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17th Espoo Ciné Film Festival

It’s 7am, I’ve been up all night and I’m out of my face on Finnish vodka. And I’m 20 foot up a pine-tree. Yes, Finland’s 17th Espoo Ciné is the weirdest damn film festival ever.

It begins as soon as I arrive at my hotel, set amongst the aforementioned pine-trees in Espoo, a suburb of Finnish capital Helsinki. “You have two hours,” my festival greeter tells me, speaking, like most Finns, in perfect, but bizarrely flat, English. “And then sauna.”

“Hit me, please,” a man orders, handing me a clump of birch twigs. He is naked. I am naked. The other ten men sweating in the room with me are naked. It’s no big deal. I’m only BRITISH after all. But I do as I’m told and twat him as hard as I can, creating a shower of leaves and droplets of moisture (sweat? Water?). He screams out in pain. Too hard? “No,” he tells me, “just right. Again, please.” So I flail the guy until he tells me to stop. It’s like the scourging scene from The Passion Of The Christ. And then it’s my turn. (Yes, I enjoyed it). My whipping buddy introduces himself afterwards: he’s Timo Kuisman, executive director of the festival. “Welcome to Espoo.”

Showing some 90 films, this year’s Espoo Ciné is particularly special. With its fantasy and horror strand part of the European Fantastic Film Festivals Federation (check out the F’s on that) it has the honour of hosting the 10th Méliès d’Or, named after George Méliès, director of 1902’s groundbreaking Le Voyage dans la lune. The winner is selected from a shortlist consisting of one film nominated by each of the EFFFF’s 10 affiliated festivals (the UK represented by Leeds). As every film in the contest is guaranteed a Silver Méliès, the atmosphere at the awards ceremony is understandably celebratory.

And, this being Finland, distinctly strange. It opens with a performance from The Cleaning Women, a band of cross-dressing punks in big boots who play loud, mind-warping rock on homemade instruments. To get us in the fantasy mood, they play against an abridged version of Aelita: Queen Of Mars, a rare example of Soviet sci-fi from 1924 mixing Flash Gordon-style aesthetics with Marxist revolutionary ideals. Mind-blowing. Also shown is the winner of the Méliès d’Or short film competition, Starfly, a wonderful homage to 1950s Americana courtesy of Luxembourg’s Beryl Koltz.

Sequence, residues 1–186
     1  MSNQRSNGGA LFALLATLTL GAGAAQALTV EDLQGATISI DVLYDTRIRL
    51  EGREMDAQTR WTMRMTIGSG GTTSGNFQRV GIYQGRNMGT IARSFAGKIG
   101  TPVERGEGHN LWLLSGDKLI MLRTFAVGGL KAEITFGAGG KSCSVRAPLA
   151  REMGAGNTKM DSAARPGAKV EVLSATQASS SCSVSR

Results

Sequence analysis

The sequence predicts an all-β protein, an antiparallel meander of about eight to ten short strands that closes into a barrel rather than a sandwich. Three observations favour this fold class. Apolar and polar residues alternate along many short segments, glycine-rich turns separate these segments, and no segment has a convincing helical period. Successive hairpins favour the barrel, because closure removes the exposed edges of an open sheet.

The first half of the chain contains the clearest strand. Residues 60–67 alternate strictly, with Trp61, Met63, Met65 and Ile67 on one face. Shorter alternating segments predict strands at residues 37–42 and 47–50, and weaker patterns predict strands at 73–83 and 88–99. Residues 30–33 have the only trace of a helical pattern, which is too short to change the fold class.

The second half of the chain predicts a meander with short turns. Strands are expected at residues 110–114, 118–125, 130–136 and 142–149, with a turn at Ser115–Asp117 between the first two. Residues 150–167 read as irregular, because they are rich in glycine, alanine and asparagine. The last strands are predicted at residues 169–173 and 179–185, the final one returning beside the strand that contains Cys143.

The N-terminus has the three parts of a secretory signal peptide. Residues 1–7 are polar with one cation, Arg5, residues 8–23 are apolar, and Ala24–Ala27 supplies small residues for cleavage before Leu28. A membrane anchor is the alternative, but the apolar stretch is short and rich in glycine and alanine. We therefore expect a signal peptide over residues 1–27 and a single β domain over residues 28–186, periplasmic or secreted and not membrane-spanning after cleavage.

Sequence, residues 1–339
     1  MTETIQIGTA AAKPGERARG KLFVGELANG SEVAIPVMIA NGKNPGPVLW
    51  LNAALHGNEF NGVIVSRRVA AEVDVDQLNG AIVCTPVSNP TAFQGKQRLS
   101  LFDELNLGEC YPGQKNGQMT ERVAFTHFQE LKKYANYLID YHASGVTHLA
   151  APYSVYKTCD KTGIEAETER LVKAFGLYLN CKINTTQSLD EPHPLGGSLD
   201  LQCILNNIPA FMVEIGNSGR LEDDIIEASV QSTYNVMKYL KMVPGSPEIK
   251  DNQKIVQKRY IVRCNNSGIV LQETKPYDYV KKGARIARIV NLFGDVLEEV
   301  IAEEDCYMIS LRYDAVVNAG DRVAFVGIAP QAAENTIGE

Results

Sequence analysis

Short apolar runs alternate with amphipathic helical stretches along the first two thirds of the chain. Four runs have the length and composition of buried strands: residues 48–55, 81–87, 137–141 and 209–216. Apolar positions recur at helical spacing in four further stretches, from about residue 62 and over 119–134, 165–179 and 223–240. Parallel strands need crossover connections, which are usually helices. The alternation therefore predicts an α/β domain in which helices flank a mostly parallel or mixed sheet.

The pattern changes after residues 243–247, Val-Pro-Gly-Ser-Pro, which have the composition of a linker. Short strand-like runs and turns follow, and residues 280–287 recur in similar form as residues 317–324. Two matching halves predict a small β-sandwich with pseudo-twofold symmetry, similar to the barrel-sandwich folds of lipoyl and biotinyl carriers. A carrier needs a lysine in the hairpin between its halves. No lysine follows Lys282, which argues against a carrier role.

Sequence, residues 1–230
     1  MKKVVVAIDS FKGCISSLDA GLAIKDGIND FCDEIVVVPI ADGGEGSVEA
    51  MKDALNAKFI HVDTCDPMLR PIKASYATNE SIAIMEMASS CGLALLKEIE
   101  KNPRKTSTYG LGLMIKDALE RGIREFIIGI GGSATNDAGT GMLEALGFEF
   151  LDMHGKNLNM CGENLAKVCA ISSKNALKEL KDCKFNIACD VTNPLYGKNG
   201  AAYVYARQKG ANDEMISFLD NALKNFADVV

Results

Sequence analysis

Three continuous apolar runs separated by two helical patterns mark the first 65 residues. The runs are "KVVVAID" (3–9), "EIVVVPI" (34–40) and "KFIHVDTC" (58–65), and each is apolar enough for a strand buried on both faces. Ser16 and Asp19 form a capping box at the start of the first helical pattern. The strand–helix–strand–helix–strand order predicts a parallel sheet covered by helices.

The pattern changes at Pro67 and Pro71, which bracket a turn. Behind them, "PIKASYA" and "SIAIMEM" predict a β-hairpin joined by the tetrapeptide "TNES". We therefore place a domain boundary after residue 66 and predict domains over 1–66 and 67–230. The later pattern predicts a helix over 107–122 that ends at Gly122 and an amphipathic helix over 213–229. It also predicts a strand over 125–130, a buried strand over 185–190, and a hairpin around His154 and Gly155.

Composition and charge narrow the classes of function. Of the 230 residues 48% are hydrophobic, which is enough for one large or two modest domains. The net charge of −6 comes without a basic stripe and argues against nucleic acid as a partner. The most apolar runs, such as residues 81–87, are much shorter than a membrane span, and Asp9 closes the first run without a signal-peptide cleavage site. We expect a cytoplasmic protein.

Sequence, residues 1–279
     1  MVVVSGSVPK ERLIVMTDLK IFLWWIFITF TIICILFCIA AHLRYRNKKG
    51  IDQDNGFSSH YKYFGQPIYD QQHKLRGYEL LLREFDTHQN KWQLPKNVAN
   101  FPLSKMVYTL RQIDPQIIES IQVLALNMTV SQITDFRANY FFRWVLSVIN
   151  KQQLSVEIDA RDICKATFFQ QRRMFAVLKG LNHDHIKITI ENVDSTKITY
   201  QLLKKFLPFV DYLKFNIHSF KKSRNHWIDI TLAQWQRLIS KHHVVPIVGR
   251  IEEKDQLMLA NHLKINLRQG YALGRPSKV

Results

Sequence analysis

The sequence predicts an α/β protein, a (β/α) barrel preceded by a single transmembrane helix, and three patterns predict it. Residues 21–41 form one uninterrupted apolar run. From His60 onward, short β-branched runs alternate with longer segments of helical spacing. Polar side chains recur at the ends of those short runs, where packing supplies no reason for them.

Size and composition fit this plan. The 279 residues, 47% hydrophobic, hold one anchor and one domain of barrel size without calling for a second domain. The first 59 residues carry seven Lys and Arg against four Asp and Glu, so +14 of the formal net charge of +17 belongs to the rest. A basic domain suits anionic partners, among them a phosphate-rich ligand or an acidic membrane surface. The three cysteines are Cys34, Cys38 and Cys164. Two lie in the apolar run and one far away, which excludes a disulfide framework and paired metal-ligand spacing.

For the main prize, the jury had a hard time picking a winner (indeed, two of its members resigned in protest), but eventually settled on Danish fantasy-parable Adam’s Apples. A truly wonderful film that sees a neo-Nazi sentenced to community service with a maddeningly optimistic priest, producer Mie Andreasen – on hand to collect the award on behalf of director Anders Thomas Jensen – later tells me it’s only getting a DVD release in the UK. Subtitles, you see. Ashamed to hail from such a philistine nation, I fully embrace my European side and drink lots of neat vodka. Which, combined with my British tendency for drunken exuberance, leads to me climbing a tree. Watching the sun rise over the pines, I think how beautiful it all is and how I’m not remotely guilty for having hardly watched any films because I’m in love with the Finns, those crazy, polite, socialist, boozed-up, sauna-obsessed party animals and… and how the hell am I going to get down from here?

This article first appeared in  Hotdog Magzine in 2005.

INTERVIEW: JOHNNY DEPP and TIM BURTON ON ‘CHARLIE AND THE CHOCOLATE FACTORY’

Giggling. Reminiscing about their 15 years working together, Johnny Depp and Tim Burton are giggling together like a couple of kids.

“When you squirted blood all over my face off-camera on Sleepy Hollow,” laughs Depp, speaking with a strange accent – a mix of his Kentuckian birthplace and his current residence, Paris.

“That was fun,” chuckles Burton. “Or when you were dragged by those horses.”

“Oh yeah,” recalls Depp. “There were two horses and I was being dragged along on this thing behind them.”

“They both had really bad flatulence,” chips in Burton.

“They’d had curry for lunch,” says Depp, “and I was the recipient.”

Equine farting and fake blood – there aren’t many individuals for whom such things are everyday occurrences. But Depp and Burton aren’t everyday people. Both renowned for being kooky, their weirdness intensifies whenever they collaborate. It began in 1990 when Burton cast Depp as the lead in Edward Scissorhands, the tale of a leather-clad gothboy with blades for fingers. Ed Wood, a biopic of the worst director ever, followed in 1994. Widely regarded as Burton’s masterpiece, it was a box office disappointment.

Not that Burton would have worried himself, either over a film’s takings or its critical reception. Ever since his apprenticeship as Disney animator, he’s always done exactly as he pleases. The same can be said of Depp who – though sporting NHS-style specs and a large, black, floppy cap reminiscent of Dom Joly’s pretentious artist – is still inescapably tanned, slim and handsome. Having fought a battle with his good looks throughout his career, he freely acknowledges that Burton set him free. In his foreword to Mark Salisbury’s biography of the director, he writes that his friend rescued him from being “just another piece of expendable Hollywood meat”.

Since then, he has consistently chosen roles that lean towards the gothic or grotesque. Willy Wonka, with his buckteeth, pallid complexion and pseudo-Edwardian oufit, has shades of both.